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Robert Burgess

Dethroning King Dollar Won’t Be an Easy Feat

There is no alternative to the world’s reserve currency despite any concern or wishful thinking to the contrary.

The king is alive. Long live the king.

The king is alive. Long live the king.

Photographer: Dimas Ardian/Bloomberg

If the last dozen years or so has taught us anything about markets and the economy, it’s that anything can happen, no matter how unlikely. The U.S. housing market was considered as solid an investment as there ever was because prices never fell nationally — until the subprime crisis came along. The idea that the European Union would ever come close to breaking apart and taking the euro with it was unthinkable — until Greece defaulted. And everyone knew that inflation like that of the late 1970s was never coming back — until the pandemic snarled supply chains worldwide.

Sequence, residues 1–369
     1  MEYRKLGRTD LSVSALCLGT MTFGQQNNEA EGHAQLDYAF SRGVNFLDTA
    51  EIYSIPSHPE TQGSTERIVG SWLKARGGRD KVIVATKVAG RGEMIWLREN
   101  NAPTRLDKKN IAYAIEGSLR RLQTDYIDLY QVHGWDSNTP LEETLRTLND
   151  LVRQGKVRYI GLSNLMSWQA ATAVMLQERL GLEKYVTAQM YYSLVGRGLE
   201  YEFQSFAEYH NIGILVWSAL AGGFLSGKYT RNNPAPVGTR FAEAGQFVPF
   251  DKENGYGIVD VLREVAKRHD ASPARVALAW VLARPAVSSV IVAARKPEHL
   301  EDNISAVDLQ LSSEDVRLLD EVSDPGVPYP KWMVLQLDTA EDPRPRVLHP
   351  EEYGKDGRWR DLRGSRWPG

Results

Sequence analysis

So it’s natural that a sort of cottage industry has sprung up in the last decade or so trying to anticipate the next so-called black swan event that could upend the global economy and markets. As my Bloomberg News colleagues Joe Weisenthal and Tracy Alloway do a good job of explaining, there is a growing concern that perhaps Russia’s invasion of Ukraine could mark the beginning of a turning point for the U.S. dollar — and not for the good. The thinking is that the U.S. has “weaponized” the dollar through heavy financial sanctions imposed on Russia, including preventing that country’s central bank from accessing its foreign currency reserves.  “As such, it may make less and less sense for global reserve managers to hold dollars for safety, given that they could be taken away right when they’re most needed,” they write.